Nowhere does this counterintuitive theme become clearer than in the New Testament. Jesus to his disciples: “Those who want to save their life will lose it, and those who lose their life for my sake will find it.” (Matthew 16:25 NRSV) Again to his disciples: “Whoever wishes to be great among you must be your servant, and whoever wishes to be first among you must be your slave.” (Matthew 20:26-27) The Apostle Paul spoke often and warmly of his freedom, our liberty, in Christ, from the law as an external constraint—a “have to” rule of external compulsion. Faith as trust in Christ is, according to him, the only basis for our right relationship with God. On the other hand, throughout his epistles he talks about giving up rights and freedoms for the sake of the gospel and for others’ consciences. (Romans 14 and 1 Corinthians 8). Paul found real freedom in giving up his rights (1 Corinthians 9). “For though I am free with respect to all, I have made myself a slave to all, so that I might win more of them.” (verse 19 NRSV)
This gospel theme of true freedom through obedience and servanthood is so pervasive in the Bible that it cannot be missed. And yet, it is missed by so many because of our culture’s over riding emphasis on autonomy.
So what is the obedience that brings real freedom? First, again contrary to popular opinion, it’s not imposed obedience. It’s not obedience as “have to” out of fear of consequences. Gospel obedience is always only voluntary. The moment obedience to Christ becomes drudgery, reluctant or cringing conformity, it is no longer obedience. Obedience that results in freedom, the freedom of being who and what we are meant to be, trains on the tracks, is joyful and stems from gratitude. (2 Corinthians 9:15)
Second, obedience that brings real freedom is servanthood out of love. Again, Yoder prophetically proclaims it as “revolutionary subordination” in which every believer seeks the good of the others with no hint of self-assertion of rights. In the community where everyone lives that way out of gratitude to Jesus Christ, empowered by his Spirit, true freedom abounds.
How does all this relate to free will? Is “freedom” “free will?”
Obviously not. If true freedom, gospel freedom, is servanthood, becoming and being what God intends us to be, obedience to Christ and growing into his image, then it is certainly not “free will.”
This is something Arminians, believers in free will as power of contrary choice, and Calvinists, believers in bondage of the will and God’s absolute, all-determining sovereignty, can agree about. As an Arminian I have often been accosted by fellow Christians with the accusation that I hold a shallow view of freedom. Not true. Even evangelical Arminians, “Arminians of the heart” (as opposed to “Arminians of the head”) believe true freedom transcends free will. Free will is simply a God-given instrument for achieving true freedom by God’s grace. Or a means of falling short of it by our own self-centered obstinance.
Not all Christians believe in free will. Luther certainly didn’t! But that’s not the point here. My point is simply that whether one believes in free will or not true freedom is something else. It doesn’t contradict free will; it transcends it.
One thing all Christian agree about is that true freedom, the freedom of obedience and conformity to the image of Christ, is a gift of God’s grace that will only be complete in our heavenly glorification. Only in the resurrection will even the saintliest person achieve complete freedom. That is the point of Paul’s confession in Romans 7—here below we struggle in a war between “flesh” (fallen nature) and the Spirit—God’s gracious gift of dwelling within us.
True, whole, complete freedom will be when that war ceases in victory of the Spirit over the flesh. In the meantime, our freedom is complete only in being free from the law that says “You have to!” and being given the new heart that says “You get to!” By God’s grace and with the aid of his Spirit we can realize ever increasing freedom from sin and death, but its fullness is eschatological.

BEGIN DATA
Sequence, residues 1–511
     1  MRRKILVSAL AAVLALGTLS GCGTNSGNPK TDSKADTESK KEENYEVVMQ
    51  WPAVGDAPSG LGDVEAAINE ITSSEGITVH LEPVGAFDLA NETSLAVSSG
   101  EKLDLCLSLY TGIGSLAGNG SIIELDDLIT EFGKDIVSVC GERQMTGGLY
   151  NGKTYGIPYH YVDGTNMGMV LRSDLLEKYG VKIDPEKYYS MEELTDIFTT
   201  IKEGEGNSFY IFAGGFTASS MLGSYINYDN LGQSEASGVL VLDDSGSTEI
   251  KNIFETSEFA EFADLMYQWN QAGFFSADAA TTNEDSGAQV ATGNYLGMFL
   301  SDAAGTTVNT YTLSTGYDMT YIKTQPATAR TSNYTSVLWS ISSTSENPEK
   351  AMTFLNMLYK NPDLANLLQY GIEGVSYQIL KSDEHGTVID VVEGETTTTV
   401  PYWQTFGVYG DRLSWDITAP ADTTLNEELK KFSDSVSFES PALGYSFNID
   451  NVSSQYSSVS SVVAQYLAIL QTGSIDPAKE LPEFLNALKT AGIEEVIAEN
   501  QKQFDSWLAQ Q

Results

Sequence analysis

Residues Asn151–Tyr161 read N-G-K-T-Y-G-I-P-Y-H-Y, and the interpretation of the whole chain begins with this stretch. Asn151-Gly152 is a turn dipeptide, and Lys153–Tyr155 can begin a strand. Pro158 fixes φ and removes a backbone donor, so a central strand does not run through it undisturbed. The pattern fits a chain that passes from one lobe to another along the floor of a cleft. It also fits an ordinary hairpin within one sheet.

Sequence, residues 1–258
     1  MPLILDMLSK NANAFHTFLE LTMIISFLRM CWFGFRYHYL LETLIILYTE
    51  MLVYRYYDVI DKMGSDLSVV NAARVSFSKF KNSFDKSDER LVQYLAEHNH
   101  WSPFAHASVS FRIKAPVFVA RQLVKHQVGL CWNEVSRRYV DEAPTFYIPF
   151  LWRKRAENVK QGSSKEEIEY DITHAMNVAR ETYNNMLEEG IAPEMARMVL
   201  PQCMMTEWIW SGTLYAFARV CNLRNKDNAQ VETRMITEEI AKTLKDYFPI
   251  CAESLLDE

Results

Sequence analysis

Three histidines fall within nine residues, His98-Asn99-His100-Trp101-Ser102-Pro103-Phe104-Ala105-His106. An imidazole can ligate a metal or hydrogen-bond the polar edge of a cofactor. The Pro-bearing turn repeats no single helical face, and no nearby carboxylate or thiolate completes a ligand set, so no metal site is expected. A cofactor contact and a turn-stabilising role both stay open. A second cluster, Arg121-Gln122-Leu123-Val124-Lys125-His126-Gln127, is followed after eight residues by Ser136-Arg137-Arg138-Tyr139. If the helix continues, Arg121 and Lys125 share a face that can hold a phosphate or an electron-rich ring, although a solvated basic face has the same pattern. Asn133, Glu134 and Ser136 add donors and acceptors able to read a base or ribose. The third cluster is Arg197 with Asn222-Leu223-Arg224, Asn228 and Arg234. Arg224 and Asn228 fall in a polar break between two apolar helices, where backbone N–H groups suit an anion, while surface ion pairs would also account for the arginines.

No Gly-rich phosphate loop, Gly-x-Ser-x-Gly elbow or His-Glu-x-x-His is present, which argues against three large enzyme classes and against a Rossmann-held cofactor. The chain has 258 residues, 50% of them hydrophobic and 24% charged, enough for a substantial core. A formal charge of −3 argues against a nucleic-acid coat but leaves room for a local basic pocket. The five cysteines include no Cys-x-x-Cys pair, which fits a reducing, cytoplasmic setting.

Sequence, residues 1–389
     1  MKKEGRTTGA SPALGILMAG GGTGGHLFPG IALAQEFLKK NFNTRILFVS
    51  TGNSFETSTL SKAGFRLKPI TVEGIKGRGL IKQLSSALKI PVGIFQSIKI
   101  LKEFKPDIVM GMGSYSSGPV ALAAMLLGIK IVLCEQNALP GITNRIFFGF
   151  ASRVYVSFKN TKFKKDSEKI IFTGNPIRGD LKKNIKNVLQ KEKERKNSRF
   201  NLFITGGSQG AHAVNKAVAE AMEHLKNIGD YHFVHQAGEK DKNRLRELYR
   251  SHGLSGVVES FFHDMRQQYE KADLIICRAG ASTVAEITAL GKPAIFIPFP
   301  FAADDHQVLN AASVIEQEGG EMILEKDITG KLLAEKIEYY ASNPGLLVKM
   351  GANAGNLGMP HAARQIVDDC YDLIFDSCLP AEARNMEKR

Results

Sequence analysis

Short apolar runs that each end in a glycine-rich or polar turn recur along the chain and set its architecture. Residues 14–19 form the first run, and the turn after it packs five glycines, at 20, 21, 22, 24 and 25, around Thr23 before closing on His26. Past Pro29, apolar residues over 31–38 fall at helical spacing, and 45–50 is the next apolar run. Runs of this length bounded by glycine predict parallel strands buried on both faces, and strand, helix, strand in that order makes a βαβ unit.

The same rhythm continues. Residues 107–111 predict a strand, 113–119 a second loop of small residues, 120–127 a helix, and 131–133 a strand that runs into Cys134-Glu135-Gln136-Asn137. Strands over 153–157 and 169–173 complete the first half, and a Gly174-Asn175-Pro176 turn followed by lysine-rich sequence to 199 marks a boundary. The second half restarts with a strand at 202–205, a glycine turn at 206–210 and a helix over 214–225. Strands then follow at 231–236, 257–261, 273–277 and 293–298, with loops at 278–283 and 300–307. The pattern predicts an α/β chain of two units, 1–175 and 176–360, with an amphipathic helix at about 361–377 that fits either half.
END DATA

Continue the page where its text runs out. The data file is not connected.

Theologians call the gradual process of experiencing true freedom before death “sanctification.” We debate about how intense and whole that freedom can be before our resurrection. But we agree that real freedom is a growing gift that we receive.
Paul says in Philippians 2:12-13 “Work out your own salvation with fear and trembling; for it is God who is at work in you, enabling you both to will and to work for his good pleasure.” (NRSV) Salvation, in other words, is both gift and task. In German it’s a play on words: Gabe und Aufgabe. Paul’s “for” indicates that the gift surrounds and underlies the task. Our “work” of obedience and submissive servanthood is truly ours; we are called freely (free will) to do it. We don’t sit back and wait for it just to “happen.”
On the other hand, whenever we experience that greater freedom of real obedience, being conformed to the character of Christ, true servanthood, we acknowledge that it is all due to God’s work in us. That is the “paradox of grace and free will.”
Another homely analogy might help make the point.
Every summer I struggle to water the numerous bushes and flowers that thirstily surround our house in the dry heat of central Texas. I turn on the outdoor faucet with the hose attached and the spray nozzle on its end. Then I drag the hundred foot hose way out to the far corner of the yard, point the spray nozzle at a thirsty bush and press the trigger. Usually, nothing comes out. So, I trudge back around the house to the faucet to see if it’s really turned on. It usually is. Why, then, is no water spraying?
Experience has told me that somewhere along the length of that garden hose there’s a kink. I may have to hunt for it. When I find it and finally straighten it (or them) out, the water that was there all along can finally quench the thirst of the bush.
God’s grace for our freedom is always there—completely—from the moment of conversion. There is no lack of grace or need for grace boosters. But there can be grace blockers—wrong attitudes and habits, hidden resentments and selfish motives. My “job,” as it were, is to find them, with the Spirit’s help, of course, and work them out through a process of repentance and submission. Free will is one tool in that process. Freedom from bondage to sin and death is the growing result of the process. I’m already free from the law and from condemnation; freedom to become what God designed me to be is God’s work and mine together. His work surrounds and enables mine. He gets all the glory. But unlike conversion, it’s a process.
The gospel is unconditional good news. Having to is always bad news. Getting to is always good news. The possibility of holistic, Spirit-enabled victory over sin and death is what I get to have as I joyfully let God do his work in me.